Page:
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Downtown Vancouver continues to struggle with office vacancies: report

Office vacancy rate continues to rise in Vancouver as it falls in the region’s suburbs, says Avison Young
Metro Vancouver office vacancy rates have been rising steadily since 2019, according to Avison Young

Office vacancies continue to climb in downtown Vancouver, according to Avison Young (Canada) Inc.

The commercial real estate agency’s June 28 report notes head leases – the primary lease signed between a tenant and property manager – account for 76 per cent of the total increase in vacancies over the second quarter.

“This could suggest occupiers were waiting until their leases expired before cutting back on space – and it is expected that this trend will proliferate,” said the report.

The report identifies three reasons for companies wanting to wait until their leases expires:

  • Spaces with specific buildouts, such as tech-based spaces, have been in lower demand over the last year. Tenants with similar industry-specific needs may have held off subleasing as a result.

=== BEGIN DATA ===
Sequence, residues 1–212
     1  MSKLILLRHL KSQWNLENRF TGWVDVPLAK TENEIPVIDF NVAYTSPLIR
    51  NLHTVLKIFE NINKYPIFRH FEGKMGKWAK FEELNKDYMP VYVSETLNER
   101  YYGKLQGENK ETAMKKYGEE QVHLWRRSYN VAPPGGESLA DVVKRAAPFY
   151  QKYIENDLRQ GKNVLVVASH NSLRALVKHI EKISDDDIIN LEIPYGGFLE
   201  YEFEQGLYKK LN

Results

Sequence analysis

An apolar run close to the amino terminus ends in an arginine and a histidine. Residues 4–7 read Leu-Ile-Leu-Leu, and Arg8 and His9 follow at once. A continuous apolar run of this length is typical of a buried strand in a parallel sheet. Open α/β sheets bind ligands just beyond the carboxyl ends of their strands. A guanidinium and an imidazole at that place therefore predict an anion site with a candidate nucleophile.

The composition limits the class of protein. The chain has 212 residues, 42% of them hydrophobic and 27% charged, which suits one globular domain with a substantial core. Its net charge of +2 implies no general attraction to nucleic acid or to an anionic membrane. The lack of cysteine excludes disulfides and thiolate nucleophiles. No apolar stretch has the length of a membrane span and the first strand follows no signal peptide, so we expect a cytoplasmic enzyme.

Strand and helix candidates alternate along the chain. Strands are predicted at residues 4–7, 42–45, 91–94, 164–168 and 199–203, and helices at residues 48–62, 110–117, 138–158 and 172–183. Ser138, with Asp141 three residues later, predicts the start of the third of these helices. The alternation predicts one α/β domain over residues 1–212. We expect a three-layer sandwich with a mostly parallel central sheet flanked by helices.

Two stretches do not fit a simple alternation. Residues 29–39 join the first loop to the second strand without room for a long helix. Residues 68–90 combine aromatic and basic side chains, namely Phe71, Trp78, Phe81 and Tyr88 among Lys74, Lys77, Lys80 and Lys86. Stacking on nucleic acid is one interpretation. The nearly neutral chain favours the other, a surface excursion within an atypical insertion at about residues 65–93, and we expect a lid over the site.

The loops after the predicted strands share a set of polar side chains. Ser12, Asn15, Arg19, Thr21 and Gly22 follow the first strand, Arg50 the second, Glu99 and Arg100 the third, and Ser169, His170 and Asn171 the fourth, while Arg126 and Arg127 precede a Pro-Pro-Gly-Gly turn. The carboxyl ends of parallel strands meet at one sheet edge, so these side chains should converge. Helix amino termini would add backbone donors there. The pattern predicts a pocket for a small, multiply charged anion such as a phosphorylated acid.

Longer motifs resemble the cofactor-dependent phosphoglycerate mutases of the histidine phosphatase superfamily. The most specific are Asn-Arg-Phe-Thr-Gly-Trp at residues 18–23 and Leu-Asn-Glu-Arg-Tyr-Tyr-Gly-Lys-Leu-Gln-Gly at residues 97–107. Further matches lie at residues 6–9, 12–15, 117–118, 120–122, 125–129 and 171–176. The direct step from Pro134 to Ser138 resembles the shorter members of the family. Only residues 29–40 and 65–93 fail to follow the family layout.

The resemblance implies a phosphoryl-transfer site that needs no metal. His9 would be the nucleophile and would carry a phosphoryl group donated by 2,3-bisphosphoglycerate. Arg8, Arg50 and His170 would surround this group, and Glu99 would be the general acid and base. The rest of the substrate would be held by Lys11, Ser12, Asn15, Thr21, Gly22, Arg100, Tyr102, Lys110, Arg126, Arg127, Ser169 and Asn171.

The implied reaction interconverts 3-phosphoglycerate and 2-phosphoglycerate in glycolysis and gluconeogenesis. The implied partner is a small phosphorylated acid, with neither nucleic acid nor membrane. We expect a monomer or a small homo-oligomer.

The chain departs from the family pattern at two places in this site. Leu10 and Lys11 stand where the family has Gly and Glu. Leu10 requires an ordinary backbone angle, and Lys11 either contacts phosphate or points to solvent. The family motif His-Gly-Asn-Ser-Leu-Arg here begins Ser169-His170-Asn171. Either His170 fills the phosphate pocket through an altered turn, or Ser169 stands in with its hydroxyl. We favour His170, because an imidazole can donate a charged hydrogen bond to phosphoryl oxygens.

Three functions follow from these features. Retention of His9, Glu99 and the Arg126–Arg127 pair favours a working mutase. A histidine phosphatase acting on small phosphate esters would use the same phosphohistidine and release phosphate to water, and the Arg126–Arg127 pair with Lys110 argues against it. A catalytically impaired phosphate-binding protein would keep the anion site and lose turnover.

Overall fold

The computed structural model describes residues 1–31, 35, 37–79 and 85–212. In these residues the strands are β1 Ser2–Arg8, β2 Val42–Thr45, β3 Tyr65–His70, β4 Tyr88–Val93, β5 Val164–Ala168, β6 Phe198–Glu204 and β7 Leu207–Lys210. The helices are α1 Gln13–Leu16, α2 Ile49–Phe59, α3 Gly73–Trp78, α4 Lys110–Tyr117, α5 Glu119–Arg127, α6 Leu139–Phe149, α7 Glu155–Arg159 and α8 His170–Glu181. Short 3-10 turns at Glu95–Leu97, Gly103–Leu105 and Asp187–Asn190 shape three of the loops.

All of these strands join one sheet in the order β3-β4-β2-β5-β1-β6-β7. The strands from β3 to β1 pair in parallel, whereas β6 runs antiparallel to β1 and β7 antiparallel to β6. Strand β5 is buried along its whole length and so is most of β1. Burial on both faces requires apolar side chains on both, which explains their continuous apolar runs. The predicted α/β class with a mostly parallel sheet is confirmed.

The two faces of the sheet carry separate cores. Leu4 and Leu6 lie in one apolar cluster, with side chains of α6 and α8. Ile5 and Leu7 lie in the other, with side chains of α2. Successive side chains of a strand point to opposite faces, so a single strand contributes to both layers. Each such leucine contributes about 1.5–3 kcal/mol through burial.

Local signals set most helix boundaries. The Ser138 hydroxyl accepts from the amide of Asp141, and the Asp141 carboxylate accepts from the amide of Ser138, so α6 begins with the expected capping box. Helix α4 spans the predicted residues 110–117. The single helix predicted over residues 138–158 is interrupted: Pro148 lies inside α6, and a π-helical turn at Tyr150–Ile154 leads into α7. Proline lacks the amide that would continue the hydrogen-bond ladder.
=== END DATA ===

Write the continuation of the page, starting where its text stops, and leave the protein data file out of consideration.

• There may be restrictions from landlords on leasing space.
  • There may be a time-lag due to companies developing strategies for pulling back on their office needs.

Vacancy for office space in the region has been rising since 2019, according to Avison Young. The vacancy rate is 10 per cent across Metro Vancouver, up from 9.4 per cent in the first quarter of 2023. This translates to 5.8 million square feet of vacant space – a roughly seven per cent increase.

The downtown vacancy rate rose to 12.3 per cent in Q2 compared with 11.1 per cent in the first quarter. The Yaletown, Broadway corridor and Burnaby office markets also saw increases in vacancy.

Meanwhile, vacancy rates remained the same or decreased in markets such as Richmond, Surrey, New Westminster and the North Shore.

“These more affordable markets may have seemed a better option for tenants who required office space, but without a location-based premium,” said the report.

Suburban markets also drove activity in the region.

Richmond experienced a “burst of deals” around the Airport Executive Park complex, which has a mixture of Class A and B buildings, according to the report.

Across all Metro Vancouver suburban markets, there was approximately 29,500 square feet of space occupied over a three-month period by the end of June.